Retired nurse's anger over South Tyneside hospital parking fine after 999 dash

A disabled couple who dedicated their lives to nursing were left furious when they received a hospital parking fine following a 999 emergency.

Sunday, 23rd September 2018, 5:42 pm
Updated Sunday, 23rd September 2018, 5:47 pm
Former nurse Margaret Abernethy, 79 has been given a parking eye at South Tyneside Hospital after dashing for her sick husband

Margaret Abernerthy woke to find her husband Arthur, 84, having a seizure at their home in Toppings Street, Boldon Colliery.

The 79-year-old dialled for an ambulance and then followed her husband in their car to South Tyneside District Hospital in South Shields.

South Tyneside District Hospital.

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The mum-of-one, who has a blue badge, parked in a disabled parking bay during the ordeal on August 29 and stayed with her husband until around 9pm that night.

However, earlier this week Margaret, who trained as a nurse, along with her husband, at the Harton Lane site, received a £70 ParkingEye fine as she hadn’t registered her disabled badge.

But now hospital bosses have apologised for any upset and the fine has been cancelled.

Steve Jamieson, director of estates and facilities at South Tyneside NHS Foundation Trust said: “We are very sorry to hear about the parking fine issued to Mrs Abernethy and apologise for any undue upset or worry caused. Blue badge holders are exempt from all car parking charges and the fine has now been cancelled.”

Former nurse Margaret Abernethy, 79 has been given a parking eye at South Tyneside Hospital after dashing for her sick husband

Margaret said: “I was furious to receive the fine. It was just after 6am when I parked in the disabled bay with my badge and naturally I was dashing to be with my husband, I was so worried.

“I didn’t realise you were supposed to register the badge, it wasn’t explained very clearly at all.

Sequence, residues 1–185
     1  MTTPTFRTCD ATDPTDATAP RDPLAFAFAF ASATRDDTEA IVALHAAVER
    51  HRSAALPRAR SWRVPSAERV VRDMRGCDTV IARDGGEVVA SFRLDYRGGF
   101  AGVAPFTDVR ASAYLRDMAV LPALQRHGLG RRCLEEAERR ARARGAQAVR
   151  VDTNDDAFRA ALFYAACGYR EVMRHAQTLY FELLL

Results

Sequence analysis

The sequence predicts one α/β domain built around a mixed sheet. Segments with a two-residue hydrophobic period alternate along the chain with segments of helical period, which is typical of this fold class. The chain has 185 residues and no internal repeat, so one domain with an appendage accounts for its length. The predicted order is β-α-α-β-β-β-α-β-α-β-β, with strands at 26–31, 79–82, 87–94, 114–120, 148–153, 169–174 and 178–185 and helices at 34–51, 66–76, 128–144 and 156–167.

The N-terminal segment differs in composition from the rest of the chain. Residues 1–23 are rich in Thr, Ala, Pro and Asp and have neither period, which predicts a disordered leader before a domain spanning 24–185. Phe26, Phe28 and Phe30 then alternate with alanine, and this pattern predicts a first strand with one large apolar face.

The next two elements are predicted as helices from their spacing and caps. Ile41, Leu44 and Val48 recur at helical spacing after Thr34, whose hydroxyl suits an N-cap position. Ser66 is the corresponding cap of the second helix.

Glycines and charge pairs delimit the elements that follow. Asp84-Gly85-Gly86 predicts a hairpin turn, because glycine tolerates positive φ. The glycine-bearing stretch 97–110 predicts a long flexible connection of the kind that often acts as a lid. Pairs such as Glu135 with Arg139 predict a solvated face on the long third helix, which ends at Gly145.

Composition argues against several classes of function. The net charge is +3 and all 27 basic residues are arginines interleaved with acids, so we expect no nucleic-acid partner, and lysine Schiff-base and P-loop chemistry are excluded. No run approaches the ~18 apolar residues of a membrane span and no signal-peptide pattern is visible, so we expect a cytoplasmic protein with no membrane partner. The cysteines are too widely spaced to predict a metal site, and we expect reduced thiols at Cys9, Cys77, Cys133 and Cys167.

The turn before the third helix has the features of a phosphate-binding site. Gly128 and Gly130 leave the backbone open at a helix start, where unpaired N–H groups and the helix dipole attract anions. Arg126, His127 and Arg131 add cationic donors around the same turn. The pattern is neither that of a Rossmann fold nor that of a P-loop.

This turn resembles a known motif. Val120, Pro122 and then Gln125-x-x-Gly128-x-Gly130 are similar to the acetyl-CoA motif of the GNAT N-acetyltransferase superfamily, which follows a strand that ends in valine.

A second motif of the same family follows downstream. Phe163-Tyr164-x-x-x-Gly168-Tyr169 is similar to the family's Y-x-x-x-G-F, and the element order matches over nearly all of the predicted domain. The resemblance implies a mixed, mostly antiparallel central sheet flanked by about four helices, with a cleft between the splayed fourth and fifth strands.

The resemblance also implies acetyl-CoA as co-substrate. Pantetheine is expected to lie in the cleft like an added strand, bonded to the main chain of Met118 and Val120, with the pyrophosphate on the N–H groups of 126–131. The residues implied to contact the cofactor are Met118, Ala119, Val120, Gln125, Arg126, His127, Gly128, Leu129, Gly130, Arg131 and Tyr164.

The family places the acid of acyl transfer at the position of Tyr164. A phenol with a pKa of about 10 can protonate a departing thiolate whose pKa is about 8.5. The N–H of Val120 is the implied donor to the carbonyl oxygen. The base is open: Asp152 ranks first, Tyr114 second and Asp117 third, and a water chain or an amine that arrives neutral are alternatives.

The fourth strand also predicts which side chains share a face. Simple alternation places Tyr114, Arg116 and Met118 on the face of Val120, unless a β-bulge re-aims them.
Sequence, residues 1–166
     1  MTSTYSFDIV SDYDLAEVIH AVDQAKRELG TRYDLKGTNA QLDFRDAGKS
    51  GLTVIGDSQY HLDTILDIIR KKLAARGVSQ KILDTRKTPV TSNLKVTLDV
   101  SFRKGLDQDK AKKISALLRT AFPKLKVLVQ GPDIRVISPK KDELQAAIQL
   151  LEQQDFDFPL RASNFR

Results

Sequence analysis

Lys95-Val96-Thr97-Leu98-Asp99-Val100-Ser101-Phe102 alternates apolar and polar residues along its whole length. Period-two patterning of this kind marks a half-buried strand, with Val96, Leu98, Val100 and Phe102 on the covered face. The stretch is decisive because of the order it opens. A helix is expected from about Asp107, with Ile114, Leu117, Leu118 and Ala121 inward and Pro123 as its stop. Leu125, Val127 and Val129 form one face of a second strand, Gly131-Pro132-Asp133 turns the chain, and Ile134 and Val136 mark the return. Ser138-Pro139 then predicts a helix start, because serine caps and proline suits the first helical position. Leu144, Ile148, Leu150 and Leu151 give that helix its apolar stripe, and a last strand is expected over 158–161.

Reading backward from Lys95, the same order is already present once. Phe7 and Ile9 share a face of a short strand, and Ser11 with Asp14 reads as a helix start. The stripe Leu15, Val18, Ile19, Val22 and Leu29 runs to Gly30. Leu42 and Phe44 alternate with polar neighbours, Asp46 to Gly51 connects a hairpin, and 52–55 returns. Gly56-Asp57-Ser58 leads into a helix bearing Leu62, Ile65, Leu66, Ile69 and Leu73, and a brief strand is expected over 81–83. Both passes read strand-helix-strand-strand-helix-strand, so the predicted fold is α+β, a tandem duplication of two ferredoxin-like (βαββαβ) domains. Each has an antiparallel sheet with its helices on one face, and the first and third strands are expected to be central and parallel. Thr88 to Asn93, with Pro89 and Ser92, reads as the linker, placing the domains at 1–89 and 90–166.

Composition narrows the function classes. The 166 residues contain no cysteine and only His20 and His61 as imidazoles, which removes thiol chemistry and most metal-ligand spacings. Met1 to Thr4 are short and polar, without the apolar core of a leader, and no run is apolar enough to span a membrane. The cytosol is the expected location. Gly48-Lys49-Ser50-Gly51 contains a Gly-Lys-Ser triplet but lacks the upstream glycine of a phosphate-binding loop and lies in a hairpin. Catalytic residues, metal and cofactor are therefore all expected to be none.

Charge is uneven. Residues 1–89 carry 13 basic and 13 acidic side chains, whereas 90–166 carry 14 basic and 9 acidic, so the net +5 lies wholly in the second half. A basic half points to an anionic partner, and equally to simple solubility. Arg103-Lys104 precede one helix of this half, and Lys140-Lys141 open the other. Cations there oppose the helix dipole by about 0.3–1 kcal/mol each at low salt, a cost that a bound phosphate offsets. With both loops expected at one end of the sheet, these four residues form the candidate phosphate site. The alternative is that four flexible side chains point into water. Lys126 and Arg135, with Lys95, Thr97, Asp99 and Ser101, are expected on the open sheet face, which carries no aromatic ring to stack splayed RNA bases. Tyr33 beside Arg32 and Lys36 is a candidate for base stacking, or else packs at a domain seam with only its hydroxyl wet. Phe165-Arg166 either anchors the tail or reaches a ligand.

“I’m glad the fine has been cancelled because it’s not as if I went to the hospital for fun. It was an emergency.”

After her training, Margaret later went to work at the former Ingham Hospital, as did Arthur who was theatre nurse, before he became employed as a mental health worker at the old Cherry Knowle hospital in Sunderland.

Margaret said: “All our working lives have been spent in hospitals. To think we both trained in South Tyneside and we ended up with this.

“It’s bad enough having to go to hospital in the first place, but then for a fine to arrive a few weeks later is just horrible.”

Arthur is now back at home recovering - although medics are still unsure what caused his seizure.

Mr Jamieson is keen to remind disabled drivers to register their badges.

He added: “Our car park uses automatic number plate recognition technology and we would remind all blue badge holders that they do need to register with us so that our system can identify their vehicles when they arrive on site.”

To register a blue badge call 404 1094, email [email protected] or speak with reception staff in Ingham Wing.

Once a blue badge is registered with us this means a vehicle will automatically be covered for parking at both South Tyneside and Sunderland hospitals without the need to re-register.